Spotlight On / Writes4Festivals Podcasters Kel Butler & Pamela Cook


Each month we shine a spotlight on a member of the Writing NSW community to learn more about their writing journey, achievements, and inspirations. This month we featured not one, but two members, Kel Butler and Pamela Cook, the team behind the Writes4Festivals podcast.


Writing NSW members Kel Butler and Pamela Cook are the team behind Writes4Festivals, a podcast that brings regional writing festivals to listeners everywhere. They spoke to us about how the podcast medium, how Writes4Festivals began and what’s in store for 2019.

What is Writes4Festivals?

Writes4Festivals is a podcast that showcases the rich conversations, books and ideas coming out of writing festivals across regional NSW and beyond. It gives everyone access to listen to the best panels and sessions from writing festivals that are geographically hard to get to but intellectually ripe in ideas.

What sparked the idea for the podcast and how did it become a reality?

It came from making our other podcast, Writes4Women, and from being writers ourselves. We both regularly attend writing festivals and Pamela is often on panels, speaking as an experienced author on all sorts of writing topics. It occurred to us that the only festivals being broadcast at the time were the big city ones that most people knew about, but we knew from first-hand experience that the regional writing festivals had just as much to offer the literary community. So, we applied for a grant from Writing NSW and Create NSW to extend our little podcast out to regional writing festivals – and we got it! That grant allowed us to buy the gear and get the education we needed to go out into the field and record regional writing festivals. By the end of 2018, we had recorded five festivals and launched the Writes4Festivals podcast.

Where has the podcast been so far?

So far we have recorded the Mudgee Readers’ Festival, the launch of Storyfest in Milton, the Scone Literary Festival, the National Young Writers’ Festival and the Feminist Writers Festival. Now we just have to finish releasing them all! 2018 was a big year for Pamela and I. We had to overcome some real challenges to make all of this happen in the cracks of life (we both work) but, we did it, and we can’t wait to keep podcasting regional festivals in 2019.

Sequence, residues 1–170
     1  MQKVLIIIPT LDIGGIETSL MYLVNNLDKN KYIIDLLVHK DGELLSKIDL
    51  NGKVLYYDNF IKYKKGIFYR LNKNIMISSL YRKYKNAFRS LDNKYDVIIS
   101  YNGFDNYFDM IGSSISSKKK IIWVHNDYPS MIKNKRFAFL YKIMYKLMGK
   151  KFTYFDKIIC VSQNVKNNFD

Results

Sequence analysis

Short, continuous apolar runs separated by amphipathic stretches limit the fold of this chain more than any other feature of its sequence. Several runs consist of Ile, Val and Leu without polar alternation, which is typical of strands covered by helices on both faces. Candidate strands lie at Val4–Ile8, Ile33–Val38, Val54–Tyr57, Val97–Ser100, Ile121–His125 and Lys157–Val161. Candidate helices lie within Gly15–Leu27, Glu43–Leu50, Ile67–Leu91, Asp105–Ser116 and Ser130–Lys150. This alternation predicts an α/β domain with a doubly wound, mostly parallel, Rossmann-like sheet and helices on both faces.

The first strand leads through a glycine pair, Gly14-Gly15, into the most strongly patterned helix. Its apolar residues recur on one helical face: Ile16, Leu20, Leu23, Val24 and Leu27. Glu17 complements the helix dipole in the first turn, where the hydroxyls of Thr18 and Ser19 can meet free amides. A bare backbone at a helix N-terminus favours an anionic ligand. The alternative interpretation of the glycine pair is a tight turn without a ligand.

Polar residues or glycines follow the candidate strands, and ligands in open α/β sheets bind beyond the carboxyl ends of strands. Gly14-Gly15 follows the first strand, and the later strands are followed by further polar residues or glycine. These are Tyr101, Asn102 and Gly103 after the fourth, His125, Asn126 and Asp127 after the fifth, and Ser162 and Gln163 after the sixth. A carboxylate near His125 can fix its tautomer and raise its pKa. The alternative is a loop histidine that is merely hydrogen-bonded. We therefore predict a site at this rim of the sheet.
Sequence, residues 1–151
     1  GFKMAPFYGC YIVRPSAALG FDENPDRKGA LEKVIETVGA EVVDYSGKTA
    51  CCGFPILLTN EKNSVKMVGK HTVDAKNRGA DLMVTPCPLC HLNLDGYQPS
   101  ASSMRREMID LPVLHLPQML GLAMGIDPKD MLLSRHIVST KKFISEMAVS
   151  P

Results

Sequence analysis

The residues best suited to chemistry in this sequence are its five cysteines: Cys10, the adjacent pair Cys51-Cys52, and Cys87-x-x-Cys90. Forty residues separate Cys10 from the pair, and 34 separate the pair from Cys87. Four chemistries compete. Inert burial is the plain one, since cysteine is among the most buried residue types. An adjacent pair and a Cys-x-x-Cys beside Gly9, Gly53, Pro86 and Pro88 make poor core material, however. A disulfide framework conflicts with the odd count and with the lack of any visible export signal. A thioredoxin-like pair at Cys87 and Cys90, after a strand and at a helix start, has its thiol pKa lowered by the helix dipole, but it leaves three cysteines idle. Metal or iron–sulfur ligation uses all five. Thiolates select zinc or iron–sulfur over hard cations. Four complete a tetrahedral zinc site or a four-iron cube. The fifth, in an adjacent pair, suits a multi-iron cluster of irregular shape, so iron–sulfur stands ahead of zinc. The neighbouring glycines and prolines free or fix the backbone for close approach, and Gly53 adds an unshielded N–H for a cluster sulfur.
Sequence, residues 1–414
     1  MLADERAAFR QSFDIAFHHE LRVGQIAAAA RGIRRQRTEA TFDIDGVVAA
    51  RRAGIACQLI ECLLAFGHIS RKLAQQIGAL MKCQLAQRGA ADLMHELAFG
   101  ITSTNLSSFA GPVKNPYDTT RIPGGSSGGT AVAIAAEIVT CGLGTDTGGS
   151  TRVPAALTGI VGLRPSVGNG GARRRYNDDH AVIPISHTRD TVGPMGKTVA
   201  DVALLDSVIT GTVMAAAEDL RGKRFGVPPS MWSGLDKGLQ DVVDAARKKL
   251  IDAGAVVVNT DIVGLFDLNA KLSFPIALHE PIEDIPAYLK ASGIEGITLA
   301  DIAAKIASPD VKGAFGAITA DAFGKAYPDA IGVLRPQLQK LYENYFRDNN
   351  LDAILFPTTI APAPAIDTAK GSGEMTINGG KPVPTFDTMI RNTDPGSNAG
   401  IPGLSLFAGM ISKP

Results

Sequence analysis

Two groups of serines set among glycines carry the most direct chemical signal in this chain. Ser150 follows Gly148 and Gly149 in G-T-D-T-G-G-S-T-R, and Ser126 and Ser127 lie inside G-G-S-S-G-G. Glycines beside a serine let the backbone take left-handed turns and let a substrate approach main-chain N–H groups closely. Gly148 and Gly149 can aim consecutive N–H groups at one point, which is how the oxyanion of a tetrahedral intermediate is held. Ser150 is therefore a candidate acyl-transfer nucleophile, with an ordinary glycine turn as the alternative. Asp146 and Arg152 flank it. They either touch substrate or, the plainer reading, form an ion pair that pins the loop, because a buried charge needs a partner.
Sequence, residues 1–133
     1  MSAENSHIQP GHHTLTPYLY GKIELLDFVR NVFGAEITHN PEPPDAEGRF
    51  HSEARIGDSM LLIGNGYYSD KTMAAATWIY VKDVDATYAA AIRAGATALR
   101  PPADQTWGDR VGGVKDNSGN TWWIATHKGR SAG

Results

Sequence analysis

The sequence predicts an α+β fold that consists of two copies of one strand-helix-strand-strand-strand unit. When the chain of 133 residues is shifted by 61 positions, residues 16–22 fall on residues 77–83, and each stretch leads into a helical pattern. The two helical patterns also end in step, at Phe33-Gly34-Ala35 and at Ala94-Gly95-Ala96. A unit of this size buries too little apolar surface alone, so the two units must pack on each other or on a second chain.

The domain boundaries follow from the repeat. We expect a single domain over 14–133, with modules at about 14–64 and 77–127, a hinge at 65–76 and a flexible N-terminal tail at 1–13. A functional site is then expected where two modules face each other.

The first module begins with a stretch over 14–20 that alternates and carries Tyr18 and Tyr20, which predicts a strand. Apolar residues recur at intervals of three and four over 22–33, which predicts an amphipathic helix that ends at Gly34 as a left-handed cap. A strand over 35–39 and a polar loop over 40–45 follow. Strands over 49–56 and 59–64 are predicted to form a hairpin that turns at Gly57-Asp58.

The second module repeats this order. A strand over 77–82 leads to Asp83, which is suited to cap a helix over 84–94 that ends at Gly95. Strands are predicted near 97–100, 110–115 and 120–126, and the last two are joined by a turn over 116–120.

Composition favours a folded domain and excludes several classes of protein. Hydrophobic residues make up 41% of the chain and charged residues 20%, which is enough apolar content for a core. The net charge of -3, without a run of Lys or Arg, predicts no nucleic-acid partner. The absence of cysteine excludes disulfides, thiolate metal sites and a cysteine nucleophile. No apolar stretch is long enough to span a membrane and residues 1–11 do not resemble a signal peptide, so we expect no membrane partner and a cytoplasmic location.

What does 2019 hold for Writes4Festivals?

This year we are excited to continue releasing the regional writing festivals we recorded in 2018. The National Young Writers’ Festival and the Scone Literary Festival podcasts are dropping over the coming months, and we will continue to follow the some of the festivals from last year, as well as add some new festivals into the mix for 2019. In particular, we are looking forward to the launch of the first ever Storyfest in Milton, which Writes4Festivals are honoured to be a big part of.

How might writers benefit from the podcast medium?

There are so many ways podcasting can help writers. Pamela and I are always using podcasts as writing resources, as a way to learn and extend our own writing craft or learn about things around the business of writing. But that’s not the only way in which writers can use podcasting – they can also use it as a marketing tool, by discussing their books and writing process in a podcast; or they can create their own podcast, and it doesn’t have to be a writing podcast, either. Finding a niche subject that relates to their writing, which will not only interest and help them but others too, works just as well. The trick in podcasting is to be down to earth and real in what you create and why. If you try to con the audience, they will know and tune out. Podcast listeners are pretty clued-up and interested people, they want to be informed, entertained and engaged. The advantage of making a podcast (or going on a podcast) comes with the connection. If the audience connects to you and your podcast, then they may extend their interest to whatever else you are creating in the world. Podcasts allow you to inexpensively and easily access a whole new audience whilst extending the one you already have.

Do you both have a favourite podcast episode from 2018?

Hmm, that’s a hard one. It’s like picking a favourite child. We both loved doing the Storyfest launch with Markus Zusak talking about the release of his new book, Bridge of Clay. That one was pretty special because of where it was and what it meant to the festival and to Markus personally… plus, it was a coup! It was the first recorded interview for his highly anticipated new book.

What other podcasts are you listening to at the moment?

There are so many it’s hard to keep up, so we will stick with our staple writing/festival podcasts:

  • “Writer on the Road” with Mel Hammond is always gold
  • “So You Want to Be a Writer” with Al Tait and Valerie Khoo from the Australian Writers Centre of course!
  • “The Creative Penn” with Joanna Penn gives great advice